Margaret Fleming

This woman probably died in 1999. That’s when she was last seen by her GP and by anyone at all who wasn’t her carer. Until 2016 NO ONE NOTICED. Margaret had learning disabilities. Her carers claimed benefits on her behalf until 2016 when benefits officials FINALLY paid a visit to her home. Her carers, I use the term loosely, claimed she was at the house in 2017 and ran off when police arrived to search for her. They’ve now been convicted of her murder. This report and image come from the Scottish Daily Record, but it’s not the only instance … Continue reading Margaret Fleming

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Holocaust Day and people with disabilities

Holocaust Day: among the very many atrocities committed by the Nazis up to and including World War II, thousands of people with disabilities were murdered in the interests of eliminating ‘incurable illness’. They called it euthanasia and it is almost certainly still happening somewhere in the world – perhaps so quietly and one by one that no one notices. Let’s try to notice, please. http://www.ushmm.org/outreach/en/article.php?ModuleId=10007683 Continue reading Holocaust Day and people with disabilities

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So, where was I …?

Brighton is an extraordinary place. Described by the journalist Keith Waterhouse as ‘a town that always looks as though it’s helping the police with their enquiries’, I’ve imagined Eastbourne and Worthing either side folding their arms, tapping their feet in an irritated fashion and wishing it would just sit down and be quiet, for goodness sake. I blame the Prince Regent; if he hadn’t come waltzing down here with his entourage, partying like it was 1799 and building hallucinatory palaces, the sixties would never have got a look-in and we would not now have this noisy, unruly, flamboyant, drama-queen of a city. I can’t help thinking Hove is a reluctant bride in … Continue reading So, where was I …?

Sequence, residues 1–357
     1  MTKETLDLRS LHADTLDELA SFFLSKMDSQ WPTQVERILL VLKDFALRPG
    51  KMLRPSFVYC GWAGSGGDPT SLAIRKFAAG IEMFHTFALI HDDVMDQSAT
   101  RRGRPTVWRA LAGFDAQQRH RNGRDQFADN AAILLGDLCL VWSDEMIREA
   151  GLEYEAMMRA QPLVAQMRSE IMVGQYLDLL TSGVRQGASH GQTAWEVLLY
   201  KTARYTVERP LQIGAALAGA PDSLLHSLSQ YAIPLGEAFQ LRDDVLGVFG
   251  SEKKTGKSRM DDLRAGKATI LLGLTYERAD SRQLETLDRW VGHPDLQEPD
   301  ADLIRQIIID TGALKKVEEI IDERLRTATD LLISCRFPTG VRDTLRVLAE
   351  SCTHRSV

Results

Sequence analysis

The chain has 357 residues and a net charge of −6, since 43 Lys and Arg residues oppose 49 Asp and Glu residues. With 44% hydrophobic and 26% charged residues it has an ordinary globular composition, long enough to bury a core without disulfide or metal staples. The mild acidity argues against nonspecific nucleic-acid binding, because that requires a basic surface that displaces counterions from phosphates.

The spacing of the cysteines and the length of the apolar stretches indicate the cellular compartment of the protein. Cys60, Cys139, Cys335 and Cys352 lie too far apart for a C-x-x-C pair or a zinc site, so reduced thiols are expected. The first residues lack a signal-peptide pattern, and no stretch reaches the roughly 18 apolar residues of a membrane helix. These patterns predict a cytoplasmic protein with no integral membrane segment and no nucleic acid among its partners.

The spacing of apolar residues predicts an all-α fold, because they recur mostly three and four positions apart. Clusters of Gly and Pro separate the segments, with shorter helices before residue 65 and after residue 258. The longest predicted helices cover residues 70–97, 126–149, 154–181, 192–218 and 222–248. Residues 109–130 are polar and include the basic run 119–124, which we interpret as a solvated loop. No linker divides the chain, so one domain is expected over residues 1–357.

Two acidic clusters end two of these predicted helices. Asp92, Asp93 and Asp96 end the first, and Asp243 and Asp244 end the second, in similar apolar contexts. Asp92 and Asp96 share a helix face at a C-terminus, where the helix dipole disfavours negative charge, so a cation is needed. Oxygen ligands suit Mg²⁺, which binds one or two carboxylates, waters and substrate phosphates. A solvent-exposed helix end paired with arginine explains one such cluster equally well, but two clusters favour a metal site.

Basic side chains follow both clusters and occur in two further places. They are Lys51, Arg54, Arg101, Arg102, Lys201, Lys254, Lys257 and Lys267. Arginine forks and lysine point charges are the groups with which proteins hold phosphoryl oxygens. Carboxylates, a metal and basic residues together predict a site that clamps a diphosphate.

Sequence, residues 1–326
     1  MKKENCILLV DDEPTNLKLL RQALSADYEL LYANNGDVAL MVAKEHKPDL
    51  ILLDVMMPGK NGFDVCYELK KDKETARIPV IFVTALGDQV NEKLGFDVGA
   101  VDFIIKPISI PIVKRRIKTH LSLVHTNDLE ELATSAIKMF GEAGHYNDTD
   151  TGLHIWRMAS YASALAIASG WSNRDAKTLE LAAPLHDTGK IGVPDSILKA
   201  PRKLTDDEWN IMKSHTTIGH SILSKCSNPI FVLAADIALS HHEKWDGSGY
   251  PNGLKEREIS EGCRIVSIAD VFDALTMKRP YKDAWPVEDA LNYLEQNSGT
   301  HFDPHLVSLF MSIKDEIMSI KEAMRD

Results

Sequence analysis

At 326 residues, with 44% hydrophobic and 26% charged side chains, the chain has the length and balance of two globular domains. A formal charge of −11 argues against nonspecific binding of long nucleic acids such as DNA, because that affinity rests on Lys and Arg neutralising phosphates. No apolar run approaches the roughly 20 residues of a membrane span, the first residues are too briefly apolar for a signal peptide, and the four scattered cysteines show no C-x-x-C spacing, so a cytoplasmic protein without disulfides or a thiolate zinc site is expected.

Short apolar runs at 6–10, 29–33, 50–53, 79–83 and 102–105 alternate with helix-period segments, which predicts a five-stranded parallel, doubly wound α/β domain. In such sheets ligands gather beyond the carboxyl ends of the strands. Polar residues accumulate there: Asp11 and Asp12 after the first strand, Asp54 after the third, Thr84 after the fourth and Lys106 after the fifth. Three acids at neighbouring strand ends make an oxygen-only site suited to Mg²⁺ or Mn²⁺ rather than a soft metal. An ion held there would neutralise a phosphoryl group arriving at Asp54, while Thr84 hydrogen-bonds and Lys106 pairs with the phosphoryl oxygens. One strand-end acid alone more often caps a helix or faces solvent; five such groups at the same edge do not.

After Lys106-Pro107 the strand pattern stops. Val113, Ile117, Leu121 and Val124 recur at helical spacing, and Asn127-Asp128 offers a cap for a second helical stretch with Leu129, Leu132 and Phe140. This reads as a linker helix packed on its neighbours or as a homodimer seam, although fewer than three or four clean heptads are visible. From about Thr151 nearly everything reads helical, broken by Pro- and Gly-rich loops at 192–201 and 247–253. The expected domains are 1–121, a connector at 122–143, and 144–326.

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Winterbourne’s Silent Majority

In 1981, I went on placement as a clinical trainee to a large mental handicap hospital in Surrey. I had never encountered people with learning disabilities before, and I was shocked to the core. But I was a qualified general nurse, and I was used to clearing up the messes bodies make when they’re ill or distressed. I was also used to pulling curtains around people on bedpans, to chasing doctors out of the women’s wards while personal care was being delivered, and to helping people to eat when they had forgotten how. I saw how morale was raised by giving patients a wash and set before visiting. … Continue reading Winterbourne’s Silent Majority

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Joint Congress of the European Association for Mental Health in Intellectual Disability & IASSID Challenging Behaviour & Mental Health SIRG

This is a first-of-its-kind conference; a joint enterprise between the Division of Clinical Psychology (British Psychological Society) and two European specialist learning disability associations. It is hosted by the DCP’s Faculty of Learning disability, which comprises psychologists working with people with learning disabilities, primarily in the NHS but also through local authority and third sector provisions. Sussex Partnership is well represented. Peter Baker is presenting his work  on positive behaviour support: Positive Behaviour Support Clinical and Process Outcomes: The P-CPO project. Nicky Gregory (with Celia Heneage) a workshop: Group work with people who have learning disabilities; sharing ideas from clinical practice. And I am presenting our findings for … Continue reading Joint Congress of the European Association for Mental Health in Intellectual Disability & IASSID Challenging Behaviour & Mental Health SIRG